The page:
Chinese people protesting South Korea’s deployment of its THAAD anti-missile defense program have a corny pop ballad to use as their anthem.
On March 8 Chinese pop singer Xie Tianming published a music video (link in Chinese) for a piece titled “Chant of Love.” Using fiercely nationalist rhetoric set to a syrupy synthesizer melody, the singer calls on Chinese people to boycott products made by Lotte, the Korean conglomerate at the center of China’s trade retaliation towards South Korea. The clip has gone viral on WeChat, and racked up over 600,000 views on Tencent Video, a YouTube-esque video site.
The lyrics provide a breezy summary of the THAAD conflict, and while they do provide a clue to China’s fears regarding the defense system, they won’t win any awards for artistry. They read just as clunky in Chinese as they do in English:
This is a call from the heart
This is an expression of love
Danger is heading towards our border
Descendants of the Yellow Emperor must wake up
America wants to deploy THAAD in Korea
They can spy on more than half of China
Lotte makes good money in China
And is providing land to America
Chinese sons and daughters must stand up
The country can only exist if it is safe
Everybody, stop buying Lotte products
Make them get out of China fast.
Xie Tianming is not a major pop star in China, though he once served as a guest judge on “Avenue of the Stars,” a singing competition on CCTV, China’s state-owned broadcaster. Quartz reached out to Xie but did not receive a reply.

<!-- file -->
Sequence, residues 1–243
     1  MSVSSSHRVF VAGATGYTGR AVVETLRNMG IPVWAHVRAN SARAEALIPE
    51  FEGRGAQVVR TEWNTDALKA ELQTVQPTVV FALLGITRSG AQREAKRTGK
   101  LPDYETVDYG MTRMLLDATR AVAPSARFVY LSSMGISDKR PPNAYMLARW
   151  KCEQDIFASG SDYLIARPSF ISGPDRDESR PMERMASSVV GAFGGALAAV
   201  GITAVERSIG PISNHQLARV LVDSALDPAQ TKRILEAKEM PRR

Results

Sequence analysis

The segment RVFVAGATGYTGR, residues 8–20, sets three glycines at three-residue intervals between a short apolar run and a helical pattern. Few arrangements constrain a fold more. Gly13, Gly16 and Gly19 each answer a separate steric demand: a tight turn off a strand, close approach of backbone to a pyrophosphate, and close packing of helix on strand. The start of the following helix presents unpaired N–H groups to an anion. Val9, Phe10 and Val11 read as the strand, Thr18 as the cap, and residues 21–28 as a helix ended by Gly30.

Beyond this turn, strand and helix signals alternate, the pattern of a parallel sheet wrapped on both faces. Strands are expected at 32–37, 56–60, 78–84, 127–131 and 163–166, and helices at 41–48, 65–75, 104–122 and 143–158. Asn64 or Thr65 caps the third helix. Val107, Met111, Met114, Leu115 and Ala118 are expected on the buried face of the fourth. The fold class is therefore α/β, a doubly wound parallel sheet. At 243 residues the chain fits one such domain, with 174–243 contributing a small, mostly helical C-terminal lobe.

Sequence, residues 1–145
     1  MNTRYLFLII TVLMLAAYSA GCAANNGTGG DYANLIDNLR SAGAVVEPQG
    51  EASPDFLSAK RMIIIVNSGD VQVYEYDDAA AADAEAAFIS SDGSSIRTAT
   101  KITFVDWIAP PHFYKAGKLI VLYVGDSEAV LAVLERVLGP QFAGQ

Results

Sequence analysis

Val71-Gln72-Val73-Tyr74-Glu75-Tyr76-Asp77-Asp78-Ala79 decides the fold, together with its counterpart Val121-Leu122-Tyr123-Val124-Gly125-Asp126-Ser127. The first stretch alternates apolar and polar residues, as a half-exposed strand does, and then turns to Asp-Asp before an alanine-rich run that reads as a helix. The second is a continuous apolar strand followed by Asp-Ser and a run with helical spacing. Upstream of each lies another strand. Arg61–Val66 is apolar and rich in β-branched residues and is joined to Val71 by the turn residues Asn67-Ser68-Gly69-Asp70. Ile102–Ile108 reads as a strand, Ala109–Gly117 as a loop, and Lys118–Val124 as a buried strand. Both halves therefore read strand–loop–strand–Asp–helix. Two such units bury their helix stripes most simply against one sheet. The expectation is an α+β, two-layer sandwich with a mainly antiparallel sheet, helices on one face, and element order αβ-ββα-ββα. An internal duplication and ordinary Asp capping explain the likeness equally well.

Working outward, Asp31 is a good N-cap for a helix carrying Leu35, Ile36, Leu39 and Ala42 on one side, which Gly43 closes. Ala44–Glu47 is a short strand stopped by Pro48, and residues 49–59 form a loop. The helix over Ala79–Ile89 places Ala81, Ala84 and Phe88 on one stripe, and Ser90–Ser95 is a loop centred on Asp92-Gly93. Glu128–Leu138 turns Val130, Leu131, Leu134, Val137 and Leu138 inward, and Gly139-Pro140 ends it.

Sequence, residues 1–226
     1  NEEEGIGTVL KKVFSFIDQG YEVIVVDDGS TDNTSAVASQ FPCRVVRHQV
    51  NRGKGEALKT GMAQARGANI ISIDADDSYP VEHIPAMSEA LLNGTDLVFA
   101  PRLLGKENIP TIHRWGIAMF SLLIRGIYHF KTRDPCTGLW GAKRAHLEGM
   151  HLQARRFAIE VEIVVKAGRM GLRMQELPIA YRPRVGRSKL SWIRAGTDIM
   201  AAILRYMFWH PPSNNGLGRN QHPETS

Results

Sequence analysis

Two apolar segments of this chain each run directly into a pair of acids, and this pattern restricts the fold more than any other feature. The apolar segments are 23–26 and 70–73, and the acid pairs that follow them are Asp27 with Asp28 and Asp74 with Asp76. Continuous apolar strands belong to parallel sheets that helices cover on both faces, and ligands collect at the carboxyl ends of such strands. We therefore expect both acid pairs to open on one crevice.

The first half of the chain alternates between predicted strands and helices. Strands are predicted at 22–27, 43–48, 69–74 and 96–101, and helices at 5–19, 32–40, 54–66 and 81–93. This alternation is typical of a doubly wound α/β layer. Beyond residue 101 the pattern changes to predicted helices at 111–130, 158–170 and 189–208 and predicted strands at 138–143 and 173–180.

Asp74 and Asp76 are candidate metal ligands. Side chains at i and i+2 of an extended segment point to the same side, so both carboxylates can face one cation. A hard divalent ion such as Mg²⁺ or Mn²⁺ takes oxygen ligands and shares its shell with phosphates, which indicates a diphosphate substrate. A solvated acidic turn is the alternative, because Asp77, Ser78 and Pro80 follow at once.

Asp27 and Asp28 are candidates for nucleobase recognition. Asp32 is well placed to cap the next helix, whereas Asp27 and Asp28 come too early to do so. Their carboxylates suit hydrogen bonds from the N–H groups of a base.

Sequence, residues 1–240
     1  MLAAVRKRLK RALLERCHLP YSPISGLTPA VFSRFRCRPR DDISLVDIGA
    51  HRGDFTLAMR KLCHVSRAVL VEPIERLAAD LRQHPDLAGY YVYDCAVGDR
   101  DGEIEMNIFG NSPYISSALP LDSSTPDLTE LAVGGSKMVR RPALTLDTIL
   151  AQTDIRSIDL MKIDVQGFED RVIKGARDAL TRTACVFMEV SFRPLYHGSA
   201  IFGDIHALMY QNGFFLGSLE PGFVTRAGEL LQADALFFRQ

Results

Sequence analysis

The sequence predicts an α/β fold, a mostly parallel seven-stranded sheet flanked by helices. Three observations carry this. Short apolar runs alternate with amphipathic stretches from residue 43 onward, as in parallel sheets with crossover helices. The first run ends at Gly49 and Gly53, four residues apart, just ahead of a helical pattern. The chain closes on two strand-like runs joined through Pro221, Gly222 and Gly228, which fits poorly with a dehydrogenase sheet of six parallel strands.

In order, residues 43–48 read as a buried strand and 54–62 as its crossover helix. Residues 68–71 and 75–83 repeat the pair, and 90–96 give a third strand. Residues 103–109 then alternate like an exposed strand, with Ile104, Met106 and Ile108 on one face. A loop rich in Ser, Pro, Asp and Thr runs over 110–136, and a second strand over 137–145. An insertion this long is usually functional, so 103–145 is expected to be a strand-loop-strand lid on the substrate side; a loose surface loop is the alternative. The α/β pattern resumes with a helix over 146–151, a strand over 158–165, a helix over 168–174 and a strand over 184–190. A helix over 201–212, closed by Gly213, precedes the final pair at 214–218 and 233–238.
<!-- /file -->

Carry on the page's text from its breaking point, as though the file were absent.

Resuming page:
Public furor in China over THAAD has been brewing over the past several weeks. Chinese government agencies have shut down Lotte shopping centers, and also placed restrictions on Korean video games, tourism agencies, and entertainment groups that do business in China. Chinese citizens, meanwhile, have staged protests against Korea, and Lotte in particular, all over the country. Lotte’s role involved a land-swap with the military that provided a site for the antimissile system.
On Wednesday the US shocked East Asia when it announced it started to deploy THAAD in South Korea, and expected it to be fully operational by April—months before official projections made last year.
It’s not clear if Xie’s song was produced in cooperation with the government. In the past, music videos and viral clips promoting nationalism and pro-party orthodoxy have spread online with the help of state media outlets like Xinhua and the People’s Daily. Xie’s video looks more low-budget than those videos, however, and social media accounts for state media have not promoted it.
Xie’s video captures the sentiment many Chinese people feel towards Korea right now, but there are plenty of others who don’t share it. Last week a poem lamenting all of the targets Chinese people are forced to hate—”On Monday I oppose Korea, on Tuesday, Japan, on Wednesday it’s the Americans,”—went viral on social media.